Planting a garden is work.  The soil must be amended, supports constructed, seeds and starts planted.  Then the beds must be mulched, watered, weeded and then harvested.  But then the payoff is the abundance of delicious fresh food it provides for the rest of the summer.

Garden Basket3Planting a garden is an alchemy of human interaction with natural processes.

A garden does not need to be big or complicated.  Even a couple of tomato plants on the porch or herbs on the window sill is better than nothing.   It’s gratifying to tend plants and watch them grow. For children, it’s an especially enriching experience.  To be able to feed oneself and share the bounty with others is powerful.  Gardening is an anchor to the Earth. You don’t get that from a grocery store.

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Intuition and Finding Your Inner Penguin

penguins-429128_1920The Emperor Penguins of Antarctica group up in the thousands during the breeding season.  Once their chicks are juveniles, the adult penguins depart for open water to feed and bring home nutrition.  They have this knack, when they’ve returned from their foraging expeditions, of locating their young among a throng of look-alikes, solely by recognizing their chick’s call in a cacophony of penguin noise.  Parent penguins have a knack for listening.

As I’ve aged and my other physical faculties are weakening, my inner voice- my intuition is growing much stronger.  Like the parent penguins, I’ve learned to recognize it from the din of voices that surround me in my external and internal worlds.

It’s a skill anyone can develop but in our left-brained, modern culture, it’s not valued nor spoken about much.  It requires quiet, stillness, and patience.  Intuition is an inner voice easily drowned out by messages we receive on a daily basis- live your life like this, look like this, buy this, buy that, your intuitive messages often running counter to them.

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Between Endings and Beginnings

Three weeks ago I finished a three piece commission that I labored over for over 2 months.  They are three 12 X12 acrylic paintings of the two dogs and one cat of my late Father’s wife, my dear “Ma Penny.”  I was pleased with them and so was she.

Completion is a good thing.  You’ve put in the time and effort and then you find yourself done!  After the initial feeling of euphoria and accomplishment, however, there you are.  What now?  It can all be a bit disorienting.  There is a favorite John Lennon saying I have “It’s better to travel hopefully than to arrive.” What next?  Where was I with my own personal trajectory?

Luckily I’ve been in this spot all too many times before.  Here is my recipe when you wind up in a “grey zone.”

  1. Don’t panic. Be still.
  2. Write in your journal
  3. img_0705-2.jpgDo some cleaning/tidying in the studio.
  4. Look for inspiration from the work of others.  Pinterest is my favorite source of visual inspiration.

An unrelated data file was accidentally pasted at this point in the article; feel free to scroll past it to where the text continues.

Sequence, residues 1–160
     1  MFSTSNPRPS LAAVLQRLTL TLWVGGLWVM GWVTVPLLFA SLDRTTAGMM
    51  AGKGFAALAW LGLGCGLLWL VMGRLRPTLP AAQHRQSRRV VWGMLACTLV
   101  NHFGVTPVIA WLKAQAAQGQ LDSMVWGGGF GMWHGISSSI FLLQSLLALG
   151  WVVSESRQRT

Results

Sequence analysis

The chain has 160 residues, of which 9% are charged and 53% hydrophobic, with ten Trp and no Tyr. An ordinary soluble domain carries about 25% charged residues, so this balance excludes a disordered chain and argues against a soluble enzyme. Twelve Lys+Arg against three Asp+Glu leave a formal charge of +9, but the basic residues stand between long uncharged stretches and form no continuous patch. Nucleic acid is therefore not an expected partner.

5. Do some warm-up exercises- no expectations. Scribble, splash, write lists of words that fascinate. Dedicate them to the gallery of the recycle bin or the collage box.

Eventually, the creative fairies take the bait.  Like seagulls when you throw a piece of food to one, another will come until you have a flock of them around you.

I finally came up with the following work (after cleaning out my paper files & filling up my garbage can full of warm-ups…….)

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Elizabeth Gilbert on Writing and the Creative Life

elizabeth-gilbert2I’m a huge fan of Elizabeth Gilbert.  She became instantly famous with her novel, Eat, Pray, Love but many readers don’t realize that she was a writer way before that and has published other noteworthy books.  She writes a lot about creativity.  If you haven’t read her book “Big Magic, Creative Living Beyond Fear” it’s a great read on the subject.  Also, she has a riveting TED Talk that is well worth a watch.

A friend forwarded this essay of hers on writing.  I enjoyed this so much and thought I’d share.  You could substitute the words creative, artist, or musician for the word writer and it would still apply.

Thoughts on Writing

(https://www.elizabethgilbert.com/thoughts-on-writing/)

Sometimes people ask me for help or suggestions about how to write, or how to get published. Keeping in mind that this is all very ephemeral and personal, I will try to explain here everything that I believe about writing. I hope it is useful. It’s all I know.

I believe that – if you are serious about a life of writing, or indeed about any creative form of expression – that you should take on this work like a holy calling. I became a writer the way other people become monks or nuns. I made a vow to writing, very young. I became Bride-of-Writing. I was writing’s most devotional handmaiden. I built my entire life around writing. I didn’t know how else to do this. I didn’t know anyone who had ever become a writer. I had no, as they say, connections. I had no clues. I just began.